Preview: Children’s Christmas theatre

For many families Christmas is the one time of the year they make a trip to the theatre – but there’s so much more on offer than panto, finds Kevin Bourke

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“We all love the occasional sing-along and bit of tinsel at Christmas but if this is the one time of the year that families go to the theatre, then we want the experience to be fun and frivolity but also more than that, to connect audiences with something meaningful,” says Nina Hajiyianni, artistic director of Action Transport Theatre. Its version of The Princess And The Pea at Liverpool’s Unity Theatre is set against the backdrop of the global refugee crisis, as more and more theatres avoid over-sugared pantos to embrace seasonal storytelling relevant to young people and families in the modern world.

“We try to find proper, inspiring family shows all year round, but especially at this time of year, when we get the opportunity to produce our own show, we make sure that it is completely embedded in modern culture and the diversity of the society that is all around us,” agrees Liz O’Neill of Z-arts, Manchester’s specialist venue for contemporary family arts.

“In our version of Snow Queen, Kai is a bit of a genius coding boy and he’s created his own gaming worlds. We’re using a lot of cutting-edge digital technology in the show, with gaming elements projected on screen, so there’s an undercurrent about online safety, an awareness that, sometimes, bad people can come through the computer. That’s how the Snow Queen comes into the world, and lures Kai into this other world.

“It’s also important to us that we’re reflecting the diversity of the modern family, so in our version Gerda is adopted and Kai is fostered.”

Look across the region and you’ll find many theatres agreeing that you can actually do something at Christmas with a bit of heart and soul, giving fairytales a new twist or looking beyond our borders.

Waterside Arts Centre in Sale and Horse+Bamboo bring the Moomins to the UK stage for the first time with a new adaptation of Tove Jansson’s Moominland Midwinter, while Huddersfield’s Lawrence Batley Theatre offers a spectacular Yorkshire re-invention of Snow White, including a brass band of magical miners, as Tell Tale Hearts collaborates with aerial theatre pioneers Pif–Paf.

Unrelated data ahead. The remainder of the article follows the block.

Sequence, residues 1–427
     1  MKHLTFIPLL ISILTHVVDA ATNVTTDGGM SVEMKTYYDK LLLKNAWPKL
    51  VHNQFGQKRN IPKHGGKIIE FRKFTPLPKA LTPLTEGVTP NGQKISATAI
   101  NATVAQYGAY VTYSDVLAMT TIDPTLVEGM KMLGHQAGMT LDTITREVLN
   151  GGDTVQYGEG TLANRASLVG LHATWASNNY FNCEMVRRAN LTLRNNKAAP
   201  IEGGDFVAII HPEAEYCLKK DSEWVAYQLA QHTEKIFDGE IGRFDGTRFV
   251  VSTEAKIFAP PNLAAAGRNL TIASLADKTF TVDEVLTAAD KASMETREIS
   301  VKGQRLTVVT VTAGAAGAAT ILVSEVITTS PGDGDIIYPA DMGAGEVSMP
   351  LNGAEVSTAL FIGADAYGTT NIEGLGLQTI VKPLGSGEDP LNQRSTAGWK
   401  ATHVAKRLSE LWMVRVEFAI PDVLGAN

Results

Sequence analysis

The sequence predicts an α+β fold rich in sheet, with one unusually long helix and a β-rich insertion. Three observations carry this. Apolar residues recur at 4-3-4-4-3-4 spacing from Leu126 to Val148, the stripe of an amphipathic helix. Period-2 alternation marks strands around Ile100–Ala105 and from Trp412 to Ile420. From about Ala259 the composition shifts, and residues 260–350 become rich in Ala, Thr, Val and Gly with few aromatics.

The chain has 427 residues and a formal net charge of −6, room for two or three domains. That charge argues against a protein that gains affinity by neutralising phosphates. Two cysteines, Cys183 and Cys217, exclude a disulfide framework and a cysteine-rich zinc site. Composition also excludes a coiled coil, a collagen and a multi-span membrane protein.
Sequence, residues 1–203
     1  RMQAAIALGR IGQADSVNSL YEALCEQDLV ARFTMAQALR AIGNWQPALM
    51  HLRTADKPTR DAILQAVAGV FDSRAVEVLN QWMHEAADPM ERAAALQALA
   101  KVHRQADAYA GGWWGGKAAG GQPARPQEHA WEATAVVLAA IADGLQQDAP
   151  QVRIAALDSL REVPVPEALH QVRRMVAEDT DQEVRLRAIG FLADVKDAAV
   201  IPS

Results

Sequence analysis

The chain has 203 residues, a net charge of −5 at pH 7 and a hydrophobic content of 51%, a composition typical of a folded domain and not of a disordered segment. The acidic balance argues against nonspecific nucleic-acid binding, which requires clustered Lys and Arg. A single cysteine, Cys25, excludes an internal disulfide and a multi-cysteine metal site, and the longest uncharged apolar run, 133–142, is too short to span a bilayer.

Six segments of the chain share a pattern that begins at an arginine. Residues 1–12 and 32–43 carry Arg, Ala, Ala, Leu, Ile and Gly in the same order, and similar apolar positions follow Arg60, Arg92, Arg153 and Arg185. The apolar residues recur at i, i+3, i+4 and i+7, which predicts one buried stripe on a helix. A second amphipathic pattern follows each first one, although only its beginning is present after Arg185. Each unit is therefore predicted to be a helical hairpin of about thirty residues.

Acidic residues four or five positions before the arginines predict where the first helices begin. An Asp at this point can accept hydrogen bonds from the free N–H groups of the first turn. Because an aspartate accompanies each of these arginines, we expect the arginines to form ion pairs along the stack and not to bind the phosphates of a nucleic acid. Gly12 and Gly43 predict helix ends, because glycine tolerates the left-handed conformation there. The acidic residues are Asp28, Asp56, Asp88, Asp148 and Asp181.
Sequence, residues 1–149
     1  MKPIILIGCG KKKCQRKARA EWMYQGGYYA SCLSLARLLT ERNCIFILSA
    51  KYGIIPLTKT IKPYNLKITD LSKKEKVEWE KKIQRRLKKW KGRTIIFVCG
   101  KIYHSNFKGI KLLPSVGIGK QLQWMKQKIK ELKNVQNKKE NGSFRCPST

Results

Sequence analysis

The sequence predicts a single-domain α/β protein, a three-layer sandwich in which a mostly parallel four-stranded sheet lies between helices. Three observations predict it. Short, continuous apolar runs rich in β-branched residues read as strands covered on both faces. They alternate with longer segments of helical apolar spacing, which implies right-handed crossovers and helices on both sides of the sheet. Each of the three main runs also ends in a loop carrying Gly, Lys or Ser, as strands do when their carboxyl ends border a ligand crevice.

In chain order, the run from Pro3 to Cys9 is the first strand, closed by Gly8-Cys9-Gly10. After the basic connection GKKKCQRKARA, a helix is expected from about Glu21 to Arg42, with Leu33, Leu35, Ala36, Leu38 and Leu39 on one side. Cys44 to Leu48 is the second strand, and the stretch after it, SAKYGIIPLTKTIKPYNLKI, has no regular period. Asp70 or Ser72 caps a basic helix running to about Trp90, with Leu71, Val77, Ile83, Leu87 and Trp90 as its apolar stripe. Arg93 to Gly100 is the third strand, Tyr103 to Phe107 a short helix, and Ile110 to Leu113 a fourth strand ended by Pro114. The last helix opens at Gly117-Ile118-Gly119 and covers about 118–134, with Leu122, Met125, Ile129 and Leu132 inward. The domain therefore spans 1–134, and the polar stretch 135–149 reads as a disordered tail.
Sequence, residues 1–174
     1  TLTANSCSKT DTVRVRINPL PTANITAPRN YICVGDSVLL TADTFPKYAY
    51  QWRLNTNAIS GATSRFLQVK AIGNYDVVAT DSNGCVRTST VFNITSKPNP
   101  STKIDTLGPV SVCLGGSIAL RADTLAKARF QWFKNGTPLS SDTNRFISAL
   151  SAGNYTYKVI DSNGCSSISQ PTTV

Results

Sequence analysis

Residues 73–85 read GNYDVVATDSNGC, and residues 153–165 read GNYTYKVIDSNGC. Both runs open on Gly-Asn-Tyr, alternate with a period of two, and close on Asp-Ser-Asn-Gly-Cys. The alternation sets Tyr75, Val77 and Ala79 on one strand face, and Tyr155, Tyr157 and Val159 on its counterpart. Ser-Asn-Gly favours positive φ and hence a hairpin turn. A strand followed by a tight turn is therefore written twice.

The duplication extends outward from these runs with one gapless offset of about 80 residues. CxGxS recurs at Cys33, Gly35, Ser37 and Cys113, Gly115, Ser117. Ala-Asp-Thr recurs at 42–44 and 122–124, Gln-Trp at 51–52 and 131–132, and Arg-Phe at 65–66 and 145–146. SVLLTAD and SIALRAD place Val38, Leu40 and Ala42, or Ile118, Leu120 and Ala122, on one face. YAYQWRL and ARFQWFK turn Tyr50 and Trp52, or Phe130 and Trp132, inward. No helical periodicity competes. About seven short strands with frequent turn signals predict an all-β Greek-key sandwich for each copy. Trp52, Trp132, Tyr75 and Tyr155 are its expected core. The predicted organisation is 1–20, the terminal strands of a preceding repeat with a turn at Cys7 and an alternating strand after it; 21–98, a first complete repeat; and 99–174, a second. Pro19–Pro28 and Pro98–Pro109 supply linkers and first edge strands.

In Sheffield, Slung Low brings its interactive theatre genius to Emergency Story Penguin, in the Crucible’s Studio, about a penguin who needs to be saved by a song-powered submarine, while 59 Minutes To Save Christmas takes children around the Crucible to save Christmas from naughty elves and even make a Christmas decoration.
At Manchester’s Royal Exchange, the main house production, Stephen Sondheim’s musical exploration of fairytales Into The Woods (with Maxine Peake as the voice of Giant), is complemented by a new family-friendly Studio show The Ballad Of Rudy, about a jazz-loving reindeer.

The first Christmas show at Home in Manchester is an adaptation of Cornelia Funke’s Inkheart, a much-loved book on the continent but less well-known here.
“That’s very true – it’s not Harry Potter – but I trust this story,” says director Walter Meierjohann. “There are 10 really very different characters, and it’s got a whole emotional side about a missing mother and a single parent raising a daughter. At the same time, you’ve got the love for books, which I think is a really positive message in our time.”

In Leeds, James Brining, director of Chitty Chitty Bang Bang at West Yorkshire Playhouse, also thinks that a successful family show needn’t simply be all about spectacle and singsongs.

“I’ve got to know that the piece is about celebrating creativity and imagination and the connection between human beings,” he says.
“I hope that the way we tell the story will be about those kinds of values – not just about a flying car.”

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